Go here to see if you or someone you know is at high risk for severe COVID-19.

When can I expect to receive a Pfizer booster if I received another COVID-19 vaccine, like Moderna or Johnson & Johnson?

The exact date is unknown, but it shouldn’t take too long, given Moderna recently submitted data to the FDA, and Johnson & Johnson will be following suit very shortly.

U.S. Surgeon General Vivek H. Murthy, MD, on Friday said getting boosters approved for everyone, including those who originally got the Moderna or J&J vaccine, is a “high, high priority.”

William Schaffner, MD, a professor of preventive medicine and infectious diseases at Vanderbilt University, agrees it should happen soon.

“I would hope that within the next month to 6 weeks, we will get information about both of those vaccines,” he says. “It will be one right after the other. Each one dealt with separately.”

“I know it leads to a certain amount of confusion, but that’s the way you have to do it because all the data were not assembled at exactly the same time.”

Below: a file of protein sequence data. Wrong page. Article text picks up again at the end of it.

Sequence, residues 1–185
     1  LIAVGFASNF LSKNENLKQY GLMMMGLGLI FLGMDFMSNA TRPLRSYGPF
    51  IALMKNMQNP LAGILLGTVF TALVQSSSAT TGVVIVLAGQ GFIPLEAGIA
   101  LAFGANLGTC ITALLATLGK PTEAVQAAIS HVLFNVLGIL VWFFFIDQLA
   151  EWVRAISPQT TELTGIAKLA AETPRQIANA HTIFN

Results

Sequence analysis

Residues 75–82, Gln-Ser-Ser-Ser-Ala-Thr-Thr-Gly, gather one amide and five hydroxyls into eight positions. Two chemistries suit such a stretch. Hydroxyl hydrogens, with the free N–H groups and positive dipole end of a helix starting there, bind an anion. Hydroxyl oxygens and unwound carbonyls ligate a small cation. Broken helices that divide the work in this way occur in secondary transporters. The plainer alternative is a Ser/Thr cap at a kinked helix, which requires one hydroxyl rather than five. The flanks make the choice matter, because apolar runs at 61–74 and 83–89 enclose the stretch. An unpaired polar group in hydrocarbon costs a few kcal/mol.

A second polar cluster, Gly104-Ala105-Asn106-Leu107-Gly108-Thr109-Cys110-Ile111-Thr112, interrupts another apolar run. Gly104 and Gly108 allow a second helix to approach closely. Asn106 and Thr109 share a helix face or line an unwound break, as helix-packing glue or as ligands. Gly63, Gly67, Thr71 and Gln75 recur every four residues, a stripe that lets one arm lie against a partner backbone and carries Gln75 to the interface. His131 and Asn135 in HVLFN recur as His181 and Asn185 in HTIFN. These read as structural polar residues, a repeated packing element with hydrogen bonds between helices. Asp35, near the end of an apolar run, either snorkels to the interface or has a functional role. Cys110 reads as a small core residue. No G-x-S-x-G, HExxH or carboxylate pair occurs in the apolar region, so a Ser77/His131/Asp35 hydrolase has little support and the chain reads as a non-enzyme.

Just the fact that Pfizer boosters are now available to certain high-risk groups is a big sign that boosters for other COVID-19 vaccines aren’t far behind, says Eric Ascher, DO, a family medicine physician at Lenox Hill Hospital in New York City.

“To me, that is a strong indicator that they will be made available to the rest of the population soon,” he says.

Where do I go get my Pfizer booster and how much will it cost?

You can get your booster shot at pharmacies, your doctor’s office, health departments, occupational clinics, and federal programs, according to the CDC.

“Over 70% of current COVID-19 administration” occurs in pharmacies, the CDC states.

Boosters for all COVID-19 vaccines are completely free.

“All COVID-19 vaccines, including booster doses, will be provided free of charge to the U.S. population,” the CDC said Thursday.

Do I need to show proof of having received the Pfizer vaccine before getting a Pfizer booster?

The short answer is probably not. But for your safety, it’s important to follow FDA guidelines and only get a Pfizer booster if you received the Pfizer vaccine, Schaffner says.